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Blizzard Geraldine moves into Grand Forks region

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Blizzard Geraldine was predicted to hit the region with force Wednesday night, and meteorologists say it could lead to downed power lines, road closures and power outages.

National Weather Service Meteorologist Carl Jones said the storm is potentially historic and will “bring impacts that we haven’t seen here in several years.” The system is predicted to drop 8-12 inches of snow throughout the Grand Forks area paired with winds around 60 mph.

The Herald named the blizzard Geraldine after Geraldine Pearson, who has been a Herald carrier since 1981, and in honor of all Herald carriers braving this ugly winter every day.

The Herald has been naming blizzards for nearly three decades. The paper traditionally names storms after people who are in the news or prominent in the community.

Jones said Wednesday afternoon that light rain was possible around 6 p.m., although it was uncertain if the area would see rain. Grand Forks was expected to be impacted mostly by heavy snowfall, while west central Minnesota and areas south of Fosston, Minn., could see large amounts of rain.

Jones said snowfall was predicted to begin Wednesday around 6 p.m. and continue overnight until Thursday evening.

Jones said there is potential for higher amounts of snow in the area depending upon where the heavy snow band settles. He said the snow was expected to start in south central North Dakota, go into Barnes County, Grand Forks County and end near Roseau County in Minnesota. Areas in the band could see between 12 and 18 inches of snow, Jones said, and there was potential it could shift west or east slightly.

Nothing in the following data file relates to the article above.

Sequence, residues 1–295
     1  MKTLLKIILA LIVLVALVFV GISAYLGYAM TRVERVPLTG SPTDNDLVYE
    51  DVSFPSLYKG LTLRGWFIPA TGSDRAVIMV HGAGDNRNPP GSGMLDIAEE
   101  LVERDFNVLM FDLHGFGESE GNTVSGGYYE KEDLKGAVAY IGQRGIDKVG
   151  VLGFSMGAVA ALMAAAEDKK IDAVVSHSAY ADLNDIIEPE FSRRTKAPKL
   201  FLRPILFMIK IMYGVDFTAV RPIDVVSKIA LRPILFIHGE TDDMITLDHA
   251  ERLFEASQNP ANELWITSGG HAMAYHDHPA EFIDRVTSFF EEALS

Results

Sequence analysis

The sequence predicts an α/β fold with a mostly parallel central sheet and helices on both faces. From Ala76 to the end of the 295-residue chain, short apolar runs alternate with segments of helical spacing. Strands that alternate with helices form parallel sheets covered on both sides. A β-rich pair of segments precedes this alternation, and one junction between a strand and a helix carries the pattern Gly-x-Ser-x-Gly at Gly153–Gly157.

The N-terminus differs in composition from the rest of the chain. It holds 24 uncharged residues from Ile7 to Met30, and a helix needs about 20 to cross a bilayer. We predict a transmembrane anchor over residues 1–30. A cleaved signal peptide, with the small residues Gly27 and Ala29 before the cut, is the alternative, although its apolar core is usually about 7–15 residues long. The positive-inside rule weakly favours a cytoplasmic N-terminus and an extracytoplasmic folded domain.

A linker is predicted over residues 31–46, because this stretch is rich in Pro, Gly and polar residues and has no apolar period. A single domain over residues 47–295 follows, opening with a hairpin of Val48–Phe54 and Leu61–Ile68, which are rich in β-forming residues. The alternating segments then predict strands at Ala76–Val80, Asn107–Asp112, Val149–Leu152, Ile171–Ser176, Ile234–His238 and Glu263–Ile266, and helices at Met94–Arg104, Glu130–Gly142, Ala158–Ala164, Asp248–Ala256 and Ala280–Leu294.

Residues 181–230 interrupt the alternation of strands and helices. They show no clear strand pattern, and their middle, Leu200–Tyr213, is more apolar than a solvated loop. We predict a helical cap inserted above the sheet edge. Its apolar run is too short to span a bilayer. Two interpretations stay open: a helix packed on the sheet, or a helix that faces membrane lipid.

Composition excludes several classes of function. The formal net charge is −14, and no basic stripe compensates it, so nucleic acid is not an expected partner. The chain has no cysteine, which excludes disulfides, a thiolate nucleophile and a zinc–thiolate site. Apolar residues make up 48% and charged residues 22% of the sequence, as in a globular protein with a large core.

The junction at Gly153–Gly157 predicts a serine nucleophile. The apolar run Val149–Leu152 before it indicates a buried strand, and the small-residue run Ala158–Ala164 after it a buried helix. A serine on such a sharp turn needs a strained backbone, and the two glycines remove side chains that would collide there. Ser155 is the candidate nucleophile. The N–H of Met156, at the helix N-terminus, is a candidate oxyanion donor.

Winds were expected to start around 5 p.m. Wednesday and hit all throughout North Dakota around midnight with wind speeds reaching around 50-60 mph. Jones said gusts are expected to be most intense Thursday morning. Heavy winds at the same time as the snowfall will cause significant blizzard conditions, he said. Heavy wind will likely continue into Thursday night and die down Friday morning, Jones said.

Temperatures Wednesday were near freezing for most of the day, although it was expected to cool overnight. Jones said there could be above-freezing temperatures Thursday morning, but the region is expected to gradually cool afterward.

Travel will be significantly affected during the storm by blowing and drifting snow causing near-zero visibility and by potentially icy roads, Jones said. Travel is predicted to be dangerous or near impossible and road closures are likely.

There is also a risk for power outages and downed lines Wednesday night and Thursday, Jones said.

The blizzard has the potential to be historic, although Jones said it’s hard to draw comparisons to the deadly 1966 blizzard or the 1997 blizzard Hannah that occured in April right before the flood. Jones said this storm system will bring significant impacts, however, and will be bigger and more intense than storms in more recent years.

“It’s a bit of a different beast,” Jones said.

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